Unfortunately, none of those nearly 10,000 beautiful, majestic, delicious sandhill cranes killed the past six years with crop-damage permits got plucked, skinned, smoked or cooked for table fare. Strict migratory-bird laws dictate that cranes killed with depredation permits cannot be eaten. They also can’t be preserved as taxidermy mounts for personal use. The carcasses are supposed to be burned or buried, but many likely rot where they fall and feed only scavengers.
Why such restrictions? Because federal agencies don’t want crop-damage programs to become pseudo hunting seasons. Here’s how the program works: When farmers see sandhill cranes sticking their long beaks into tilled fields to pluck freshly planted corn seeds in spring, or spearing and coring row after row of ripe potatoes in late summer, they ask the U.S. Department of Agriculture to help stop the destruction.
If deterrence fails, farmers can seek the death penalty by filing paperwork with the FWS for a shooting permit and kill quota. The state’s wildlife agency gets a heads-up, but because sandhills are international migratory birds, the FWS has jurisdiction. State wildlife agencies have little or no standing regarding the kills.
Unfortunately, none of those nearly 10,000 beautiful, majestic, delicious sandhill cranes killed the past six years with crop-damage permits got plucked, skinned, smoked or cooked for table fare.
Most crop-damage shooting permits get filled in spring, which concerns crane biologists. Sandhills don’t breed until their third or fourth spring, at which time they pair, get territorial and tend nests. Meanwhile, younger, unattached, nonbreeding sandhills move about in flocks to forage. Unless shooters study each situation carefully, they could shoot more breeding birds in spring than would ever get killed in a tightly regulated autumn hunting season.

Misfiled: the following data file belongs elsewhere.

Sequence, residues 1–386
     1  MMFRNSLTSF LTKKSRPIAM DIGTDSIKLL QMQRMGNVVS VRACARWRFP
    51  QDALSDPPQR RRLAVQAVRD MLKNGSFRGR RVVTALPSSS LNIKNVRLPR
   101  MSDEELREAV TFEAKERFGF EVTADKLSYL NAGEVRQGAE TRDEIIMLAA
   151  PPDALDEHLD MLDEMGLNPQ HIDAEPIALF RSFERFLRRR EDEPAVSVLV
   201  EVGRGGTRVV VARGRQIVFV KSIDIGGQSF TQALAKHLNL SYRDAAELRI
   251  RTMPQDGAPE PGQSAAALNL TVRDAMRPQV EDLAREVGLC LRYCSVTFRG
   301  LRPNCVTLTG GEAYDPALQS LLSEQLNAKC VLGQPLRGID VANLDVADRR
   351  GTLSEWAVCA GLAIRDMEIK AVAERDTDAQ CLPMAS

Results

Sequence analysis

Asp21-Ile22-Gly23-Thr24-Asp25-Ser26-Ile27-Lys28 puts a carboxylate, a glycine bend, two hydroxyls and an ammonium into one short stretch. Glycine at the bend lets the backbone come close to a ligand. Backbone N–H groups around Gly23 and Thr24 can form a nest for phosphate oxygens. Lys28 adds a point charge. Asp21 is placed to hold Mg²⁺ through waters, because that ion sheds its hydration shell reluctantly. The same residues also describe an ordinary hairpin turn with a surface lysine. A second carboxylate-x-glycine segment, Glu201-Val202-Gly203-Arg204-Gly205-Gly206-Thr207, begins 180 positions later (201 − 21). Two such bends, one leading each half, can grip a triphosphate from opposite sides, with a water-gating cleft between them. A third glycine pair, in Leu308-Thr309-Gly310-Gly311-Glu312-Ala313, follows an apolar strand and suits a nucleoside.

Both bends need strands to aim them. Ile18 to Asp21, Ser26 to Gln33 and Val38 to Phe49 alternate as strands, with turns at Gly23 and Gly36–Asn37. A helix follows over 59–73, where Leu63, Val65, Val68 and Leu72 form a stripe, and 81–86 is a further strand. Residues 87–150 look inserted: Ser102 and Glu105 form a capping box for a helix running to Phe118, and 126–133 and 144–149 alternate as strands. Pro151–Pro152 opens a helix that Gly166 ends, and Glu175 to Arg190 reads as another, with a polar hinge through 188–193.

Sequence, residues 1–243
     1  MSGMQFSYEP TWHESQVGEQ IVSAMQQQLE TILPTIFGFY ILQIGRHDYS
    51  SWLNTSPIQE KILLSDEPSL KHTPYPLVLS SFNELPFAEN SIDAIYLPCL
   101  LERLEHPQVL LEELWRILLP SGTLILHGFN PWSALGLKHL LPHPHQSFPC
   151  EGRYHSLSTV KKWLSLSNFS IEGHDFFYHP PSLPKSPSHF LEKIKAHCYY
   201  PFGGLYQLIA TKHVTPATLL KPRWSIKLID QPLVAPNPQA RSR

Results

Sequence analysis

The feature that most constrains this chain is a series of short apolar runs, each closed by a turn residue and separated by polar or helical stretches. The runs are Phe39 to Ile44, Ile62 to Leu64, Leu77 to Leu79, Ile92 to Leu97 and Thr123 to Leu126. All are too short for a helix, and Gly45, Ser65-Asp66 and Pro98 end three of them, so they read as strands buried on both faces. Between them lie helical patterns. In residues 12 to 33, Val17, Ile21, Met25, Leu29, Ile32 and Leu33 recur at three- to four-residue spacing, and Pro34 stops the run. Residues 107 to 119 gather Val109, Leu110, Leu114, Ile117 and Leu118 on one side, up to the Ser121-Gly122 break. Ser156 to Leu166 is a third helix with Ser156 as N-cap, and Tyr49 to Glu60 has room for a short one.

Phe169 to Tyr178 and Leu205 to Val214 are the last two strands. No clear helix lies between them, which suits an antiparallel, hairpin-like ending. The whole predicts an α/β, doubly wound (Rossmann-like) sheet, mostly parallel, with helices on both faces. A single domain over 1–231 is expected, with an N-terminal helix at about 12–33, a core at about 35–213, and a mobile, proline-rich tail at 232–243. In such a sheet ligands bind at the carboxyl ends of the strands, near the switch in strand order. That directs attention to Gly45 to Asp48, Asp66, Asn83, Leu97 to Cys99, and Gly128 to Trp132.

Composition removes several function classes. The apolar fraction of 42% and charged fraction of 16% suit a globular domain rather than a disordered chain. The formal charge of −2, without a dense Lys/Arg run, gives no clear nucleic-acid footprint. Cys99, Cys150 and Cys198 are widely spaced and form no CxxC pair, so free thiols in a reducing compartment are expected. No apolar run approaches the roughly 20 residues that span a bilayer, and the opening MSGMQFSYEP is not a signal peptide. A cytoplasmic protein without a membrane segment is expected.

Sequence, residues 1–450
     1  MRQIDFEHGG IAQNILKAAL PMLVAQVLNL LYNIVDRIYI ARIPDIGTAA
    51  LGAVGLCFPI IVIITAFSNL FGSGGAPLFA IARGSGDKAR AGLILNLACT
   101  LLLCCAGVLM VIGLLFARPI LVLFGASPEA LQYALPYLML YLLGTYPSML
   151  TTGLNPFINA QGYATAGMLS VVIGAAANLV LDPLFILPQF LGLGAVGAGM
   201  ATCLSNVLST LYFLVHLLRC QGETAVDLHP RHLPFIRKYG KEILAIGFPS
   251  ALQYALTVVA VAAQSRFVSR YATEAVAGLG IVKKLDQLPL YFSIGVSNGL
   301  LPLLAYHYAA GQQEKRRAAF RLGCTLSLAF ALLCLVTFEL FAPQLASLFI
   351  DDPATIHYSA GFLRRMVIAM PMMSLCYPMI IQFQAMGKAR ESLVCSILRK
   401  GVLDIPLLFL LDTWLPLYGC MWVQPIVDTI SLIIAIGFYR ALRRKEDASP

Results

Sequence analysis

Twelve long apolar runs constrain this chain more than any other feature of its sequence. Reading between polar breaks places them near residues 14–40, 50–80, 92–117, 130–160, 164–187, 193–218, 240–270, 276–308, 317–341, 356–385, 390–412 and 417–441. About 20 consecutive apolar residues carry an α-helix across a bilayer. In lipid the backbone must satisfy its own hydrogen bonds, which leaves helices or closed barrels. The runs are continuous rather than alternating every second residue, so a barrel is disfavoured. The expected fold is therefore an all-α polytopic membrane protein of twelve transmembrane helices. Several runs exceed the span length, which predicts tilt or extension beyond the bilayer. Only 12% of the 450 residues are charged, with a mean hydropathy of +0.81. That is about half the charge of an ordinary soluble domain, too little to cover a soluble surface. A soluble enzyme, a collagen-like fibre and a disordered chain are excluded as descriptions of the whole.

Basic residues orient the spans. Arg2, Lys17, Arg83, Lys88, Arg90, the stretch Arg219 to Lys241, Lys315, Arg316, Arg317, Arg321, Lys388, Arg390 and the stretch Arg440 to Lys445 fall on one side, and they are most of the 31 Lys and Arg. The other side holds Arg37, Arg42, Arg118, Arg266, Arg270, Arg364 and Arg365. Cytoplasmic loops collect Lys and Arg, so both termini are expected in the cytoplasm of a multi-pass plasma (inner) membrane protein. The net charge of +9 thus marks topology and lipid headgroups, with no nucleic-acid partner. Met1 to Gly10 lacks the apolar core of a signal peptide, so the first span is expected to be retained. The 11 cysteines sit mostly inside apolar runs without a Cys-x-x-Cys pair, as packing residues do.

The FWS would probably issue fewer crop-damage kill permits if more farmers planted seeds treated with liquid Avipel, which makes seeds taste awful. Once cranes realize the seeds aren’t edible, they often stay in the field but switch to insects, worms, mice and waste grains.
But Avipel isn’t free, which forces farmers to make tough cost-benefit business decisions. Avipel costs about $8 to $10 per acre of seed corn. Plus, farmers can’t always predict if or when cranes will ravage their crops each year. Therefore, a farmer could spend hundreds to thousands of dollars on unnecessary seed “insurance” on Avipel. And if a farmer treats more seeds than he plants, he’s stuck with it. Treated seeds aren’t guaranteed to repel cranes one year to the next.
It’s complicated stuff, these quests for cooperation and more hunting opportunities. But who can feel good about destroying thousands of sandhill cranes each year as if they’re a flying scourge or crop blight? Perhaps all that outrage against crane hunting should be directed elsewhere.
U.S. Sandhill Crane Depredation Kills
Since 2012, nearly 10,000 sandhill cranes have been killed nationwide under crop-damage permits issued by the federal government. Migratory-bird laws prohibit their consumption.